What’s The Story?

The Wizard, an anti-Batman, has stolen a prototype remote control, which can control any vehicle at all. The remote control is powered by crushed diamonds, so the Wizard’s henchmen have to keep stealing diamonds, while Batman and Robin have to keep trying to prevent them, aided by the radio announcements of Barry Brown, who seems to know a lot about where the Wizard’s men will strike next…

The Goodies
Batman

Here played by Robert Lowery, a studio player who had appeared in small roles in Charlie Chan films and wartime propaganda, before moving up to starring roles in B-movies like Queen of the Amazons. Lowery would later go on to become mildly well-known for his regular role in the TV series Circus Boy, starring a pre-Monkees Micky Dolenz. Here Batman and Bruce Wayne have even less of the characterisation they had in the earlier serial, being utterly blandly heroic.

Robin
Played by twenty-six-year-old Johnny Duncan, whose other screen credits…well, not “credits”, as such… include “Beheaded Man (uncredited)” in Spartacus, “Second Stretcher Bearer (uncredited)” in Plan 9 From Outer Space (and one wonders what it must have been like to work on those two films back to back), “Prom Dancer (uncredited)” in Rock Around The Clock, “Sailor (uncredited)” in The Caine Mutiny, and many, many films in which he played “Jitterbug Dancer (uncredited)”. His performance is precisely as convincing as one would expect given this extensive list of credits.

Alfred
Appears so briefly the actor playing him (Eric Wilton) is uncredited. He’s still British, but no longer the comic relief he was in the earlier serial. Instead he’s just a background character.

Commissioner Gordon
The last of the regular supporting cast for future Batman stories comes into place here, as Commissioner Gordon, who had been head of Gotham police since the very first Batman comic, finally appears. Gordon has a Bat-signal to let Batman and Robin know they are needed, knows the secret identities of Batman and Robin, and is played by the most well-known actor in the story, Lyle Talbot.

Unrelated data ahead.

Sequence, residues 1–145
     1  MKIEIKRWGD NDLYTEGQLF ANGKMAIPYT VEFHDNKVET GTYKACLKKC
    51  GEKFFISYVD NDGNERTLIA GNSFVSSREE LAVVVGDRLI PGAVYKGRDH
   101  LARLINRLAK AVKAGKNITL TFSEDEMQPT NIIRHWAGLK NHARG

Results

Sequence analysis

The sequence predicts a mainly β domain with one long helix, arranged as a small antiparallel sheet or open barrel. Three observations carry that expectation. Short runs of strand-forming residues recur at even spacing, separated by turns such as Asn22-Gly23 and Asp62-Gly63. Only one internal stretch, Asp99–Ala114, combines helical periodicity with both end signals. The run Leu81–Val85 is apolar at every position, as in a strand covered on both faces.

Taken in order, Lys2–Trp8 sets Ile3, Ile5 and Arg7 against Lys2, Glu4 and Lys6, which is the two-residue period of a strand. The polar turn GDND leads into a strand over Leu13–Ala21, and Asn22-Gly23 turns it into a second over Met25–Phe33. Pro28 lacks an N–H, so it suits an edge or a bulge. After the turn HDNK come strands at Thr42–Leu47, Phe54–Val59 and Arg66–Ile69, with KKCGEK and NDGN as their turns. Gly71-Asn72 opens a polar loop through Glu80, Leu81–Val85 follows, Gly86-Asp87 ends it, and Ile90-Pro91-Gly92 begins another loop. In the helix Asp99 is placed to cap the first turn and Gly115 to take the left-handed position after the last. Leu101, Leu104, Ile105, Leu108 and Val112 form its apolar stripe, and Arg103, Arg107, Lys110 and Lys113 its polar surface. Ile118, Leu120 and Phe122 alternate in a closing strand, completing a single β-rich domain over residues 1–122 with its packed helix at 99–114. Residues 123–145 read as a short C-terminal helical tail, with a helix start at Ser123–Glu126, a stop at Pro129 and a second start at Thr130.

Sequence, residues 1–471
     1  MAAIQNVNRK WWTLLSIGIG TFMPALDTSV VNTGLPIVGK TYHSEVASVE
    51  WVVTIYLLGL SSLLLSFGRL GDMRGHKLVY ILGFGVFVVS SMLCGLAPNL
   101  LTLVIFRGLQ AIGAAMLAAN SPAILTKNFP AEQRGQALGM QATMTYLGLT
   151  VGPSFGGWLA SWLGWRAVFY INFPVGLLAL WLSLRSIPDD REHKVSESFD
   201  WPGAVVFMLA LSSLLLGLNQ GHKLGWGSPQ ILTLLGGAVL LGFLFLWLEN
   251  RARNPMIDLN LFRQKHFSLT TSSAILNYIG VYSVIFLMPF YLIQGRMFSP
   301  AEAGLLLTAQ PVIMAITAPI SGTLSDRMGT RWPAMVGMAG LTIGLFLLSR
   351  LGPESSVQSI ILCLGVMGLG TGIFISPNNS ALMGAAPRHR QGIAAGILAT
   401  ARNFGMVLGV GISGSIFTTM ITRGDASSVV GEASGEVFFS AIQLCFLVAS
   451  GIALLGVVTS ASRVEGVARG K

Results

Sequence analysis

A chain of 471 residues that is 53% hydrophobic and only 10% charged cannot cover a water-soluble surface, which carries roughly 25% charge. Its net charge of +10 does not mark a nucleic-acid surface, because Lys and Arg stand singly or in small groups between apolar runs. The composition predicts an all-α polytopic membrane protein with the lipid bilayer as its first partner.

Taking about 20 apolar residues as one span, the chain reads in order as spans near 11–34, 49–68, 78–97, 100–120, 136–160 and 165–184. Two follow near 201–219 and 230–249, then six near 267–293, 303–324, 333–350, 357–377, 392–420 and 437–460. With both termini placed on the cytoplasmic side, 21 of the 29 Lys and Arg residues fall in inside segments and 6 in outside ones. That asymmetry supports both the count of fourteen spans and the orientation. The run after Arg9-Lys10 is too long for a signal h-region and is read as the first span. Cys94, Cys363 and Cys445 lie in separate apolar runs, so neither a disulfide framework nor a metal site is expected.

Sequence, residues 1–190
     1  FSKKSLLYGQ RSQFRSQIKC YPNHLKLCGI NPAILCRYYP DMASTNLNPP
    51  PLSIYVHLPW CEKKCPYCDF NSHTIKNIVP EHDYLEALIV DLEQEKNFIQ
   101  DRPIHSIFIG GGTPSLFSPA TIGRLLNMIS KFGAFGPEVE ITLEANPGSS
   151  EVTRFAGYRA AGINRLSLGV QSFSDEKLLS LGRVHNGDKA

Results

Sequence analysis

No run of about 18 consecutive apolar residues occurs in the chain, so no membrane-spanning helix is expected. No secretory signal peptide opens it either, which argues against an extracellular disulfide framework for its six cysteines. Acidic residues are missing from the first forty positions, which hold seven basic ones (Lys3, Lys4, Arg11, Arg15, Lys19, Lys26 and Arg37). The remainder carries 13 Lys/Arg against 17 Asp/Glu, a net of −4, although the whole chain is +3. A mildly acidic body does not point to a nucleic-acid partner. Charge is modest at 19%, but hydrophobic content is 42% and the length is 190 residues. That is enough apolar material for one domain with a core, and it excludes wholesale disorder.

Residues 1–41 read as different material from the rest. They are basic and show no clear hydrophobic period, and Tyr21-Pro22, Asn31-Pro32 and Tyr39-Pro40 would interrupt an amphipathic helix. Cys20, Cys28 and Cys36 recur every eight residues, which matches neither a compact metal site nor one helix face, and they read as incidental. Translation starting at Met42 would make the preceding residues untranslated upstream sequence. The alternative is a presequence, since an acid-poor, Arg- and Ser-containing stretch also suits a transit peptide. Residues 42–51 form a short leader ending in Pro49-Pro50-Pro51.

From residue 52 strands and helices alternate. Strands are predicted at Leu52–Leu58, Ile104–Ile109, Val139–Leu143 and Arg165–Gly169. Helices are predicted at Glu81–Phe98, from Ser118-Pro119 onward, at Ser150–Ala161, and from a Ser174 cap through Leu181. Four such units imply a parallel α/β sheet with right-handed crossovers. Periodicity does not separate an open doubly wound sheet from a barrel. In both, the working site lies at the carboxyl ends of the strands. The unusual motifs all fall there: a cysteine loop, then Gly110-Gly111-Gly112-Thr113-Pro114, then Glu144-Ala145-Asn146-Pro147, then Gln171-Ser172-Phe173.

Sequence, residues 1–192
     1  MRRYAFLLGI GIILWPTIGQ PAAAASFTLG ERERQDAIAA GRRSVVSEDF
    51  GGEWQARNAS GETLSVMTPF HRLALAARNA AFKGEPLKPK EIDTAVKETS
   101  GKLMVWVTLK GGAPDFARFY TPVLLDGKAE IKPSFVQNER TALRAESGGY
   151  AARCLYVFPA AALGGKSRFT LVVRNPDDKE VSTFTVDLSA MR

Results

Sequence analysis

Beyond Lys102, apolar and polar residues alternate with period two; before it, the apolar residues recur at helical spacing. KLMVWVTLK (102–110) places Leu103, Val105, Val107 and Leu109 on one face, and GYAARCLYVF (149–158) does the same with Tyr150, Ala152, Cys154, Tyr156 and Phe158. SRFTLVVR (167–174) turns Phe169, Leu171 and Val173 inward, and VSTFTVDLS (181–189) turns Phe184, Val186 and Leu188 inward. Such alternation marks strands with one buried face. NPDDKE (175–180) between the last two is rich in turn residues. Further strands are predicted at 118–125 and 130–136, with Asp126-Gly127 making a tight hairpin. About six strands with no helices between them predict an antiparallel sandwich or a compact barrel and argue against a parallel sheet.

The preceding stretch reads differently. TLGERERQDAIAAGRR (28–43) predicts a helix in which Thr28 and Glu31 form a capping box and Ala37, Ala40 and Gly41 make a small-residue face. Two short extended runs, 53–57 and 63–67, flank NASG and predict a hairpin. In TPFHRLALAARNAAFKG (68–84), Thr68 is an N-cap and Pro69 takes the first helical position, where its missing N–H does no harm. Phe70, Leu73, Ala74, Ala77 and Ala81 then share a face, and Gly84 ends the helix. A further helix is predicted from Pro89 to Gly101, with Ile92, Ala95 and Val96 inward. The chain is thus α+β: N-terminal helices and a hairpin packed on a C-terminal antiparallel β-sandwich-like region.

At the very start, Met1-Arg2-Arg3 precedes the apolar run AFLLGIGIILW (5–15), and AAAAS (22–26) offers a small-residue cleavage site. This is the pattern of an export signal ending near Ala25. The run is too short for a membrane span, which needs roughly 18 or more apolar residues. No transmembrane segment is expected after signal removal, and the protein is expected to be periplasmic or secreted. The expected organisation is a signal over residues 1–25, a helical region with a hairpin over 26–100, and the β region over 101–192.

Vicki Vale
Vicki Vale is a character who had first appeared in the comics a few months before the serial came out, and one suspects (though I’ve not seen any proof one way or the other) that she was created specifically for the love-interest role in the film.

Vale is a journalist, for the Gotham Gazette in the comics and for Picture Magazine here, who is an admirer of Batman and wants to discover his secret identity, while also being Bruce Wayne’s love interest. The character is clearly modelled on the corresponding character, Lois Lane, from the Superman comics, right down to her appearance.

She is played by Jane Adams in one of the few competent performances in this story. Other than this performance, Adams is probably best known for playing Nina the hunchback in House of Dracula. Sadly, Adams died earlier this year.

The Baddies
The Wizard

While a character named The Wizard had recently appeared in DC Comics stories (a character whose real name was William Asmodeus Zard, in a typical Gardner Fox touch), this Wizard bears little relationship to that one, being instead a super-scientific genius who wears a dark cowl and cape, even when alone, and operates out of a cave. This is, then, the first appearance in screen Batman of that frequent trope, the Dark Mirror of the Hero.

The Gadgets

Still not many, but for the first time on screen we see the Bat-signal, the searchlight which is used by Commissioner Gordon to alert Batman and Robin that they’re needed. In this story, it’s a small projector which is kept in Gordon’s office, and which he wheels over to the window when he wants to project the Bat-symbol on clouds.

We also see for the first time Batman producing a gadget from his utility belt. In this case it’s an oxy-acetylene torch, which is clearly far, far too large to fit into the pouches his belt doesn’t have.